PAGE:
No one wants to be hurt on the job. In addition to the pain and suffering, you face medical bills and the loss of income. But your benefits under Worker’s Compensation can make a work-related injury more bearable. Worker’s Compensation laws were passed to help prevent lawsuits, providing a benefit to employers who could more accurately predict costs. But they also meant that workers injured on the job could receive assistance much more rapidly, without having to wait months for their cases to be heard.
While the laws that apply to those who suffer an injury in the workplace vary between states, there are certain benefits that all provide. One is payment of a percent of the wages the employee would have earned if the injury had not occurred. The exact percentage varies from state to state, but most are in the eighty to ninety percent area. These payments may be exempt from state income taxes, depending on the laws specific to your state of residency.
When injured on the job, you are entitled to payment of all medical expenses related to the injury. In some states, all such expenses are covered, with no out of pocket cost to you. In others, you might have to pay a small portion of the bills. In still other states, you might be covered for all medical expenses, whether injury related or not, at a set percentage. Normally, medical coverage begins as soon as you are injured and continues until you can return to work.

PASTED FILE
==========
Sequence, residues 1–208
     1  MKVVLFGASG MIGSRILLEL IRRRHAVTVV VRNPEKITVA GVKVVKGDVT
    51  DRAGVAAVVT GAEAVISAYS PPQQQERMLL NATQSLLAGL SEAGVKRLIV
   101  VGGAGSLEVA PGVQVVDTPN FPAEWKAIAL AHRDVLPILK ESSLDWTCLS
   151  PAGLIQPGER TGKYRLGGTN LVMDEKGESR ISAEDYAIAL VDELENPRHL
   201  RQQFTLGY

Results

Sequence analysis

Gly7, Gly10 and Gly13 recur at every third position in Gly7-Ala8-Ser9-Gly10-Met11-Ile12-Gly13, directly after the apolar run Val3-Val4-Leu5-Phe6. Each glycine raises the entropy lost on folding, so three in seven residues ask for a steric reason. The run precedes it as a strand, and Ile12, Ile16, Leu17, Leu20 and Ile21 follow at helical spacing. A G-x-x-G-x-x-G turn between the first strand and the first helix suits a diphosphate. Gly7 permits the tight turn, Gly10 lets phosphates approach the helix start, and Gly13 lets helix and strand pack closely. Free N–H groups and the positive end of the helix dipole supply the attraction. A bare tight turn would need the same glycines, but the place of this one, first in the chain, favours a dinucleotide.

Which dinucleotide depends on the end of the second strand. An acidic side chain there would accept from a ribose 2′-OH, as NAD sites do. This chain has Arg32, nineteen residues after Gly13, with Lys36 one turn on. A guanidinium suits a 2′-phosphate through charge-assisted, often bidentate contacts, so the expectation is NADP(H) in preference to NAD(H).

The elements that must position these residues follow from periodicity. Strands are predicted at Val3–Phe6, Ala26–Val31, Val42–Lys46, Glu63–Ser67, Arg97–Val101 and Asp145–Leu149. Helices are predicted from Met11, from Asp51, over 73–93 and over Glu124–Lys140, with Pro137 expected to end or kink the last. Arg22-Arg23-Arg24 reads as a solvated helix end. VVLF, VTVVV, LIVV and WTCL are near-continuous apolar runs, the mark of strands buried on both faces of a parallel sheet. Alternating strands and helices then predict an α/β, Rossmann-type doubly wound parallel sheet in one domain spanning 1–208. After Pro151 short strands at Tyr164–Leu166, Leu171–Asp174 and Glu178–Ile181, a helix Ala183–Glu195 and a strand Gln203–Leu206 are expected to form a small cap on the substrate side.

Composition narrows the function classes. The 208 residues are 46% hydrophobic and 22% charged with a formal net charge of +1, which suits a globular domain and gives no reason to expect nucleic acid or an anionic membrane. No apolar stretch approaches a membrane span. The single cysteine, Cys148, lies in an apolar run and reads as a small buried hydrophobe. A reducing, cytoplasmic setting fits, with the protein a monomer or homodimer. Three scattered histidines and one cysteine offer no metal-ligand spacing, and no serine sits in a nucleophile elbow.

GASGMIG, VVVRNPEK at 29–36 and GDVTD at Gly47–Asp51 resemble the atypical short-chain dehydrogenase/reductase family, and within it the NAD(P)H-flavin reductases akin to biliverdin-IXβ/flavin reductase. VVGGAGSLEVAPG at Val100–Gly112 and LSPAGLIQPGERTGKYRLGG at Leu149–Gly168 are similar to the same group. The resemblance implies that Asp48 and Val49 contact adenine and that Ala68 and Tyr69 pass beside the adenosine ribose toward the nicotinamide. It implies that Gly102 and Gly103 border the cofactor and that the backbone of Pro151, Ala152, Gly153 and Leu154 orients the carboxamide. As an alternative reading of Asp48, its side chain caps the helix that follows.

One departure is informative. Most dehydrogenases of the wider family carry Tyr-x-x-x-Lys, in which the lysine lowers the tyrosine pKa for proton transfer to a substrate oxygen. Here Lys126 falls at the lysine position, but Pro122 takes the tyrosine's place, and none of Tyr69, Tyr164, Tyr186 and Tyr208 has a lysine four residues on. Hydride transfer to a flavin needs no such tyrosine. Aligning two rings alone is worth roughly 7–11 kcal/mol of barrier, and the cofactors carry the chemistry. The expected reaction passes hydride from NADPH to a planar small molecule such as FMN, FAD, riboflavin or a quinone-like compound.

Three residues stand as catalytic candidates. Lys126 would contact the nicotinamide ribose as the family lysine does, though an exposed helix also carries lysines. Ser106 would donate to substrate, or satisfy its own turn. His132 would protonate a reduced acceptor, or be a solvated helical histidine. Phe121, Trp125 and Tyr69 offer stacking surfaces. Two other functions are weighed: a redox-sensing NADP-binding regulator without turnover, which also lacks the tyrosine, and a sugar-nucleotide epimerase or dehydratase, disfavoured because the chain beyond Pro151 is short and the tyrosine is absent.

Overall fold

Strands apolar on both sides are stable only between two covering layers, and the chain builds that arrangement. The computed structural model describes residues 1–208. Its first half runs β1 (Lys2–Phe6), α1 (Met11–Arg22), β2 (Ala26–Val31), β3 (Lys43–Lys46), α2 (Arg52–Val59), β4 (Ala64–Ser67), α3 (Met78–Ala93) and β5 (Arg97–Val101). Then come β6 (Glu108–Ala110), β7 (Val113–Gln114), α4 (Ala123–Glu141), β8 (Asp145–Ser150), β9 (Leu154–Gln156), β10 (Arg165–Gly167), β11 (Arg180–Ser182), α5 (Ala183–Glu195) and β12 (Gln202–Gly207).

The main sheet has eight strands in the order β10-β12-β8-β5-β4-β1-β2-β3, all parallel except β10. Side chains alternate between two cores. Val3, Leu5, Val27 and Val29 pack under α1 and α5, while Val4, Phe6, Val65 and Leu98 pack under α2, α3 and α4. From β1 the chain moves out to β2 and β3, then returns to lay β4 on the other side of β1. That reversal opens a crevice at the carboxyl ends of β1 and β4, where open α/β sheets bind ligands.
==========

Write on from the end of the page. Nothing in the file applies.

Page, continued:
If you are hurt on the job and can never return to the job you originally held but might be able to work at a different position, you may receive training. Take, for example, an original job which required heavy lifting. A severe back injury makes it impossible to return to this position. However, the employee is capable of working a desk job, but lacks the skills to perform in that position. Training, paid by Worker’s Compensation, can make the career change possible.
Anyone who is hurt in the workplace has the responsibility to report the incident immediately to a supervisor or personnel manager. Failure to notify management of the incident at the time it occurs can jeopardize a claim for benefits. One reason is that the injured employee will normally have to pass a drug test to prove there were no drugs or alcohol present. Tests given after the fact may not be able to provide a determination. Also, eyewitnesses must be interviewed, and they may not recall details if much time has passed. And finally, if a dangerous situation exists, management wants to correct it before others are hurt.
Physical therapy may be ordered as part of the medical treatment for an injured worker. The employee is expected to cooperate in all treatment plans, and this includes physical therapy sessions. Failure to participate can lead to termination of benefits.
Doctors and hospitals are usually determined by the insurance provider who writes the policy for the employer. You can insist on seeing your own physician, but payments may be withheld or drastically reduced if you go out of network. However, if the doctor you are assigned proves impossible to work with or incompetent, you can request another physician.
In the event of a work-related injury, you are entitled to many benefits to help reduce the economic damage the injury can cause. Should you have problems obtaining what is due you, there are attorneys who specialize in Worker’s Compensation law. In most states, these lawyers work on a contingency basis, meaning they do not get paid unless you win. As a last resort, you might consult with one to make sure you get all of the benefits to which you are entitled.